Sicily's residents are bracing for the arrival of a cyclone later on Thursday, the second this week after a deadly storm hammered the Italian island, killing three people.

Sicily braces for rare Mediterranean cyclone as storms continue
Cars and market stalls submerged in Catania, Sicily, after heavy rain hit the city and province on october 26th. Photo: STRINGER/ANSA/AFP

A rare tropical-style cyclone known as a “medicane” is set to reach Sicily’s eastern coast and the tip of mainland Calabria between Thursday evening and Friday morning, according to Italian public research institute ISPRA.

“Heavy rainfall and strong sea storms are expected on the coast, with waves of significant height over 4.5 metres (15 feet),” ISPRA said.

The Italian Department for Civil Protection placed eastern Sicily under a new amber alert for Thursday and the highest-level red lert for Friday in anticipation of the storm’s arrival, after almost a week of extreme weather in the area.

A total of three people have been reported killed in flooding on the island this week amid storms that left city streets and squares submerged.

On Tuesday, parts of eastern Sicily were ravaged by a cyclone following days of heavy rains that had sparked flooding and mudslides, killing three people.

Television images from Tuesday showed flooding in the emergency room of Catania’s Garibaldi-Nesima hospital, while rain was seen pouring from the roof inside offices at the city courtroom.

Thursday’s storm was set to hit the same area around Catania, Sicily’s second-largest city, even as residents were still mucking out their streets and homes.

Schools were closed in Syracuse and Catania, where the local government ordered public offices and courts closed through Friday.

The mayor of Catania on Tuesday shut down all businesses and urged residents to stay home.

Antonio Navarra, president of the Euro-Mediterranean Center on Climate Change, told Italy’s Corriere della Sera newspaper this week that Sicily was at the centre of extreme weather events, including heatwaves and cyclones.

“We’re trying to understand if, with climate change, these phenomena will become even more intense, if they will change their character as their frequency intensifies,” he said.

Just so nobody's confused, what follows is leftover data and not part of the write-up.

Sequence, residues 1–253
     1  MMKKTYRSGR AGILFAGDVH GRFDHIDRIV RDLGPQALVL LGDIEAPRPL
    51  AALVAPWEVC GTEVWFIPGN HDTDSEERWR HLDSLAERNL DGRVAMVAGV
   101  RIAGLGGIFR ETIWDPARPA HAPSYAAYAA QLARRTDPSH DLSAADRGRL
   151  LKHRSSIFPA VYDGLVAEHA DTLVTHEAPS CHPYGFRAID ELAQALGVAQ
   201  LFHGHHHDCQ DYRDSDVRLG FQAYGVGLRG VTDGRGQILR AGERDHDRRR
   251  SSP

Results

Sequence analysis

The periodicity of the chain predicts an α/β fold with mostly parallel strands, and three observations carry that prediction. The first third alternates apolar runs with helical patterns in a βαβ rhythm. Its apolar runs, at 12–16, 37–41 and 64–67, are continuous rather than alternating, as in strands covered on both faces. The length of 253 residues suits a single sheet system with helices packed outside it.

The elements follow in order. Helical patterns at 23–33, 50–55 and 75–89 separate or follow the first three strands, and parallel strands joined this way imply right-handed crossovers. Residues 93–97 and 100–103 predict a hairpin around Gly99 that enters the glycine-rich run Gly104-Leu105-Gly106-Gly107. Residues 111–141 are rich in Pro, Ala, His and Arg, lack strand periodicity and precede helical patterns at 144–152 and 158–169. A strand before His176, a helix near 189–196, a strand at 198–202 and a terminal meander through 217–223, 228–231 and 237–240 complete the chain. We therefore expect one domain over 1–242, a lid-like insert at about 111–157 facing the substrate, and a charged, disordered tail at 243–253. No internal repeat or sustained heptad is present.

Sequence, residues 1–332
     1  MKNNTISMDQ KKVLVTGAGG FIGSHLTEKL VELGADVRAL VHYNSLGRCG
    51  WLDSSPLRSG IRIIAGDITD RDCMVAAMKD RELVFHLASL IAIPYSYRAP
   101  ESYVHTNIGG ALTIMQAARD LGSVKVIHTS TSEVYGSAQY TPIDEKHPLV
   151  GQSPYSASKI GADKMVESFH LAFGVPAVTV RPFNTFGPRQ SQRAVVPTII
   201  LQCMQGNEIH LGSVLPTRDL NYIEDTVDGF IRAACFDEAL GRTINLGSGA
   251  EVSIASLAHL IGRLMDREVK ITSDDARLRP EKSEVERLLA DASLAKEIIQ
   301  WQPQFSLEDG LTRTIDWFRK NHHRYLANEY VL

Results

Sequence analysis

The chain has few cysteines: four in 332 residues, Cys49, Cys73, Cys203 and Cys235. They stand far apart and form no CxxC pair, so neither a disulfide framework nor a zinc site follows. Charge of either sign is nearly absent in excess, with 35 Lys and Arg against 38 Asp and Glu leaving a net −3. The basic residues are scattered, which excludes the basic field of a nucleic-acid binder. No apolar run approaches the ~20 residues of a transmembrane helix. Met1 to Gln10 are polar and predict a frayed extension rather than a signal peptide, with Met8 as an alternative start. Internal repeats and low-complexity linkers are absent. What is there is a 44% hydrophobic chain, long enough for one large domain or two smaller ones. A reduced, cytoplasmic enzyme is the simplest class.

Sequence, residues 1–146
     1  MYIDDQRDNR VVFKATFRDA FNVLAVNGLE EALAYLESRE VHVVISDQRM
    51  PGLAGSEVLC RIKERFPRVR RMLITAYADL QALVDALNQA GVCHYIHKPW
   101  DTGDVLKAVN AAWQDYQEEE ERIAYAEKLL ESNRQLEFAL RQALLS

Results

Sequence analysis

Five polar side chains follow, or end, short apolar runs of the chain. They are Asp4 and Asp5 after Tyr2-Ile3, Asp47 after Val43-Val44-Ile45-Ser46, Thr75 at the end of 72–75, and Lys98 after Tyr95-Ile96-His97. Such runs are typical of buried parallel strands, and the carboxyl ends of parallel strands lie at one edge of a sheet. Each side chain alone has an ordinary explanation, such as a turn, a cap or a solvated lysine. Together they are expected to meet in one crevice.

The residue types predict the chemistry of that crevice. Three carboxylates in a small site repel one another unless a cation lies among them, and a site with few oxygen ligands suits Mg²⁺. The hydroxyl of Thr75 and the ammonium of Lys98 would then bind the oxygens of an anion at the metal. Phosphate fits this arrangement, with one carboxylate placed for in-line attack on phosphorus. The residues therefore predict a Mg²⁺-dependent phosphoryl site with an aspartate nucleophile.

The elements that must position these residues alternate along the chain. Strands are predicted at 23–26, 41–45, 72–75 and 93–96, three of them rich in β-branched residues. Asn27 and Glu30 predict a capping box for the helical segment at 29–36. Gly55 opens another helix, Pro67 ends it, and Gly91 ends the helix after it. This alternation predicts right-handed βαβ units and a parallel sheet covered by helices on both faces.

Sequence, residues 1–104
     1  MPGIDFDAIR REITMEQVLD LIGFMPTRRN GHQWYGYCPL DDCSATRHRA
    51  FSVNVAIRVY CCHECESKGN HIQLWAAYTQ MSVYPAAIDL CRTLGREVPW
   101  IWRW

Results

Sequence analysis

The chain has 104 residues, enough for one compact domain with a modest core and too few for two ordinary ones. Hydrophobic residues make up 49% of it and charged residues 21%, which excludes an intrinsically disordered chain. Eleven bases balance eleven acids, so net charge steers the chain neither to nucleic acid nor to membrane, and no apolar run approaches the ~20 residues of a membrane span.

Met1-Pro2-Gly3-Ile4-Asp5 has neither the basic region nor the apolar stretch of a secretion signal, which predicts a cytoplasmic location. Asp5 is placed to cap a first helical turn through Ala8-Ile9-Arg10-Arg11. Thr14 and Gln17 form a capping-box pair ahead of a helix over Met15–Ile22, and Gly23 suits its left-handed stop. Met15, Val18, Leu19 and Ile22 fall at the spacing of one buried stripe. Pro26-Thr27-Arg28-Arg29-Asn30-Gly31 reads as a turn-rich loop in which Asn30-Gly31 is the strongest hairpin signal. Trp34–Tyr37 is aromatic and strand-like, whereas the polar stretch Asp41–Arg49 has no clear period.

READ ALSO: Climate crisis: The Italian cities worst affected by flooding and heatwaves

Cars submerged in Catania, Sicily, after storms hit the city and province on October 26th. Photo: STRINGER/ANSA/AFP

Other forecasters have said the “medicane” is the latest evidence that the climate crisis is irreversibly tropicalising the Mediterranean, after the island’s south-eastern city of Syracuse this August recorded a temperature of 48.8C, the hottest ever seen in Europe.

“Sicily is tropicalising and the upcoming medicane is perhaps the first of this entity, but it certainly won’t be the last,” Christian Mulder, a professor of ecology and climate emergency at the University of Catania, told The Guardian on Wednesday.

“We are used to thinking that this type of hurricane and cyclone begins in the oceans and not in a closed basin like the Mediterranean. But this is not the case,” he said.

“This medicane is forming due to the torrid climate of north Africa and the warm waters of the Mediterranean Sea. The Aegean Sea has a temperature of 3C higher than the average, while the Ionian Sea has a temperature of almost 2C higher than the average. The result is a pressure cooker.”

The storm is expected to leave the area between Saturday and Sunday.